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Lost in Suburbia classic: The suburban dictionary of ski slang

Tracy Beckerman
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When my husband and I got married, I promised to love and honor him and learn how to ski. I was actually able to put off this last commitment for about 10 years. But then I was finally forced to take the plunge. I soon found out that the critical part of learning how to ski is actually learning how to fall and then getting back up again. The falling part is pretty easy. Getting up again without removing your skis, however, is about as impossible as actually taking up this sport when you’re 40 in the first place.

Assuming, however, that you’re bound by a marriage vow as I am, you now face the second element of becoming a skier: learning the lingo. For instance, on our ski trip this Christmas, I didn’t just fall, I was wiped out by a knuckle dragger, had a yard sale and did a faceplant. In non-skier terms, this means I was knocked down by a snow-boarder, my skis and poles went flying, and I landed face first in the snow. Of course, if you’re skiing with your squad (ski buddies) and you bail (wipe out), to them, it’s a photo op (when someone else has a yard sale).

Got all that?

Naturally, what is essential to the whole shebang is your ski outfit. Between goggles, gators, pants and poles, you could send your kid to college for a year on what it costs to put together a whole ski ensemble. What I realized, however, is that if you get the look just right, and the lingo down pat, you don’t even actually have to go on the slopes at all. Stick a lift ticket on your jacket, rub a little snow on your face, and bada-bing, bada-boom, you’re a skier.

Unless, of course, you have a kid to expose your ruse.

“Hey mom, want to ski the moguls with me?”

“Moguls?” I questioned. “You mean like Warren Buffet?”

He rolled his eyes at me.

“No. Moguls are the bumps on the expert slopes,” he said impatiently.

“Do you go over them?”

“No around them.”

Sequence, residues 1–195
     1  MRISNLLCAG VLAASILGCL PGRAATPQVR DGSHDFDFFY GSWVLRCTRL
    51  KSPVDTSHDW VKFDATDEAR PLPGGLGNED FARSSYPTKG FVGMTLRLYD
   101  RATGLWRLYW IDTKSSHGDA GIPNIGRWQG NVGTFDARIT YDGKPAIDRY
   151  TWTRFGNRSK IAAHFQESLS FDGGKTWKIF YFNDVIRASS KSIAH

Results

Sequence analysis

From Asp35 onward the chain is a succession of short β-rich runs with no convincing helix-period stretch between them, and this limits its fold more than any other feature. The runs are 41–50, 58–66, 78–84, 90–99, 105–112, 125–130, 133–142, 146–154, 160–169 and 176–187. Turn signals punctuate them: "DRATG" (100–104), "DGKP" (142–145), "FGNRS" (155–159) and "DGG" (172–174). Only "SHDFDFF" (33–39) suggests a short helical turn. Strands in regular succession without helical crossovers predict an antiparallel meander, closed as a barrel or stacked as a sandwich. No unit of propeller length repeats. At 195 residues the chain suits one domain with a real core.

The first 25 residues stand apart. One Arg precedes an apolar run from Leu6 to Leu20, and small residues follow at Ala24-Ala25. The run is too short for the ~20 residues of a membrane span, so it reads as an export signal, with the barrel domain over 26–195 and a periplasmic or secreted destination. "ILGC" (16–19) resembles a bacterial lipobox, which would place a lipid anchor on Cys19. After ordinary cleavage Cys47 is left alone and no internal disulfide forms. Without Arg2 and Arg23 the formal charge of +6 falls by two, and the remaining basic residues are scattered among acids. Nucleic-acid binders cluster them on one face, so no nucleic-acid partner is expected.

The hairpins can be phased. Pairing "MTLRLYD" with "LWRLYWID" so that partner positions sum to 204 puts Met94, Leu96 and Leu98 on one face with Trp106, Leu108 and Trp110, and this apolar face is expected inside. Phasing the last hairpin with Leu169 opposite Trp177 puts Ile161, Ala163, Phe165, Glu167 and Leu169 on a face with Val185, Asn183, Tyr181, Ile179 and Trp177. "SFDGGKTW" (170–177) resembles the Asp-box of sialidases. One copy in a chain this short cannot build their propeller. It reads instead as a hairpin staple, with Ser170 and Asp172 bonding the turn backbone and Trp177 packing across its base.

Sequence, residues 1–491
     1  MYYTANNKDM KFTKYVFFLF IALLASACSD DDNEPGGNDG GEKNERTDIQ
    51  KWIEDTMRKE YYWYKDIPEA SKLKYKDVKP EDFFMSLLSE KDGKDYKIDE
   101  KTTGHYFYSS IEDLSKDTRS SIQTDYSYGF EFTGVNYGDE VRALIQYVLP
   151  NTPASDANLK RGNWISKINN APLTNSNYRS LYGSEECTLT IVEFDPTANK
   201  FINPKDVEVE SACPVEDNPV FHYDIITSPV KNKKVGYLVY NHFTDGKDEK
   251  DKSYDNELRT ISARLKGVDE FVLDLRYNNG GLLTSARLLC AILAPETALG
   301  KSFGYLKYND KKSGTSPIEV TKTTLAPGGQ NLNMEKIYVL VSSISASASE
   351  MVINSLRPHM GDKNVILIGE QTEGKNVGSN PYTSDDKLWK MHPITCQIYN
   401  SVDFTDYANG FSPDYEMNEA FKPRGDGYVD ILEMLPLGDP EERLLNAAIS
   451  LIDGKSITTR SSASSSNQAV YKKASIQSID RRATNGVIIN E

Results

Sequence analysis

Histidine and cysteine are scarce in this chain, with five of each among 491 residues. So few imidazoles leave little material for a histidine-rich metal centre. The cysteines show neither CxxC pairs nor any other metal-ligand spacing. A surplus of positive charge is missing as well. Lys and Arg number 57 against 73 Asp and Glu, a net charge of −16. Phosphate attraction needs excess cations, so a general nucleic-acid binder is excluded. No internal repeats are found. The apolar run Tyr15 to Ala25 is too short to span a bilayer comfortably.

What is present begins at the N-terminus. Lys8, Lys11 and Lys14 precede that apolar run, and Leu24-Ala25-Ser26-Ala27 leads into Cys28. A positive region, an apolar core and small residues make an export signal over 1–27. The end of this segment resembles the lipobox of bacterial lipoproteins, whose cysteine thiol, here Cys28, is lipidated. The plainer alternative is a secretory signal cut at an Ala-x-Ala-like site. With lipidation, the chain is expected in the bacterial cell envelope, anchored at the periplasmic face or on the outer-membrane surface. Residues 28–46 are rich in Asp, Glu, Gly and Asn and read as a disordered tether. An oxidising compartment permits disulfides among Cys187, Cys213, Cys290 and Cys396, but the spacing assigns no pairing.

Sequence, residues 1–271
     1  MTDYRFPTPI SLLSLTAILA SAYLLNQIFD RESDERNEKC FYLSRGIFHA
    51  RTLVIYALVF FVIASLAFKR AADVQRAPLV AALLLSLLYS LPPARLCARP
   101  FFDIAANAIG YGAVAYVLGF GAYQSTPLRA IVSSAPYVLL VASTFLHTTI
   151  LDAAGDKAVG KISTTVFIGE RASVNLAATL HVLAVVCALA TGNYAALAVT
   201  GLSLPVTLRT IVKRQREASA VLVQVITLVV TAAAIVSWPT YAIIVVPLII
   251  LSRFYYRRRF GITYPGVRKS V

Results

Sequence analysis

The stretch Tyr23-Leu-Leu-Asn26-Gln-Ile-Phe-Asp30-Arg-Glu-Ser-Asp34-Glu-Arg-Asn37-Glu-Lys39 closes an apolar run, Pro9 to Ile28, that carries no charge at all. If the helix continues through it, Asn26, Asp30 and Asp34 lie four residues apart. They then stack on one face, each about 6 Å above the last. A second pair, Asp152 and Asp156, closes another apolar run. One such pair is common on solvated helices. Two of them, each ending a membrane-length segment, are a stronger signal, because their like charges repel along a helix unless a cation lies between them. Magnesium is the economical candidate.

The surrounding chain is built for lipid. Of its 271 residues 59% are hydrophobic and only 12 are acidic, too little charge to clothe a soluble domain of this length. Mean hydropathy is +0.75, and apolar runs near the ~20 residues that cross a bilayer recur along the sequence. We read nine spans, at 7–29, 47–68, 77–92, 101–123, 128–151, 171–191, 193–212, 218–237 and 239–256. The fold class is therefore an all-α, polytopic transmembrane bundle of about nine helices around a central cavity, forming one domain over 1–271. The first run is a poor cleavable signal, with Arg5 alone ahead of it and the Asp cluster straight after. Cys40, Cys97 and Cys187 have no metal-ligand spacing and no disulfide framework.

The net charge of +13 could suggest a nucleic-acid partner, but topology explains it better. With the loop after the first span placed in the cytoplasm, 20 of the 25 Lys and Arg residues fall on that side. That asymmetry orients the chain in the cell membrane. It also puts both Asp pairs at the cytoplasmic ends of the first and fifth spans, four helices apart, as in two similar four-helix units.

“I think I’ll go way around them, like, on a totally different slope,” I told him.

“Oh, come on Mom, don’t be a dweeb.”

Even I, ski-illiterate that I am, knew what this meant.

“I may be a dweeb, but at least I’ll be a live dweeb,” I said, and hoisted myself up to take my daughter to the bathroom.

Now if walking on dry land when you are completely ski-ensembled is no easy task, going to the bathroom is darn near impossible. Twenty minutes later, zipped, buckled and tucked in all the right places, my daughter and I were finally ready to leave the ladies room. But just as we got to the exit, the door came flying open. As I lurched forward to save my daughter from being knocked over, my boots slipped on the slushy floor, and I had a yard sale.

I limped back to our table in the lodge and my husband came rushing over to see what had happened.

“What do you call it when you wipe out in the ski lodge bathroom,” I asked him.

He grinned. “Stupid.”
This is a repeated Lost in Suburbia column, which has appeared in GateHouse Media newspapers since 2008. As Tracy Beckerman’s main column is shifting focus - her kids are grown and she has moved back to the city - we are rerunning her earlier work for readers who may have missed these the first time around. You can follow her on Facebook at https://www.facebook.com/LostinSuburbiaFanPage/ and on Twitter at https://twitter.com/tracybeckerman.